Julian Assange's wariness of government spooks ran so high that the WikiLeaks founder resorted to disguising himself as a woman when traveling, according to a profile published Monday by The Guardian.
As Assange's entourage moved from London to the village of Ellingham, the battered red car they rode in periodically pulled off the road with lights killed to make sure it wasn't being followed.
“You can't imagine how ridiculous it was,” James Ball, a one-time volunteer for WikiLeaks, said of the 6-foot-2-inch Assange. “He'd stayed dressed up as an old woman for more than two hours.”
The 2,700-word feature travels a fair amount of ground that by now is familiar to many. As a child growing up in Australia, the nomadic Assange attended no fewer than 37 schools, was estranged from his birth father, and as a teen took an early liking to a Commodore 64, which opened up the world of hacking. In 1991, Assange and two hacking acquaintances targeted the US military's MILNET. Assange would later claim he had total control over the network for more than two years, thanks to a backdoor he found.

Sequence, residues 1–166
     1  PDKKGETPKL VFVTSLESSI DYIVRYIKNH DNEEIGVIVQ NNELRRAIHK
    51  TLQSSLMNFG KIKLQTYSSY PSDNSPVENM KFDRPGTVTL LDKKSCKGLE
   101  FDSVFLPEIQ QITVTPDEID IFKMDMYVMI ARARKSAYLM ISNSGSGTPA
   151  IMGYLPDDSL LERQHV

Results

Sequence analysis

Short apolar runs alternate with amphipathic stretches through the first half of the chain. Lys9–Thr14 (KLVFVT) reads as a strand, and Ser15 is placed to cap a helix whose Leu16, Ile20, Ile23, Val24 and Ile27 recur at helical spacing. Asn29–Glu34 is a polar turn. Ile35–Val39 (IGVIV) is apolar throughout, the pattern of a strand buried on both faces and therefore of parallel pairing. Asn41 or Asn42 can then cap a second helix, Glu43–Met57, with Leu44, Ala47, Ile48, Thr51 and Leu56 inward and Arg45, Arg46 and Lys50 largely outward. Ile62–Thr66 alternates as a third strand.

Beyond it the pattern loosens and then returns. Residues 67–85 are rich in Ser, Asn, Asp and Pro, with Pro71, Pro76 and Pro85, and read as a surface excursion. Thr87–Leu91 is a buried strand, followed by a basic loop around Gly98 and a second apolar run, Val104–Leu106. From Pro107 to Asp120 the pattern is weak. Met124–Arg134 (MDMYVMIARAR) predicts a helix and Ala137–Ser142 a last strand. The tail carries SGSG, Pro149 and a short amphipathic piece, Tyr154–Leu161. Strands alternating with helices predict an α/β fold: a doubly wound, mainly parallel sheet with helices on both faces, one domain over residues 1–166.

He eventually pleaded guilty to 24 counts of hacking. Prosecutors said Assange's motive was “simply an arrogance and a desire to show off his computer skills.”
The profile said Assange's biological father, one John Shipton, was largely missing from his son's life until age 25.
“Later they met, with Julian discovering he had inherited his architect father's highly logical and dispassionate intellect,” The Guardian said. “One friend said Shipton was 'like a mirror shining back at Julian.'”
When Assange registered the wikileaks.org domain name in 2006, he did so under Shipton's name. ®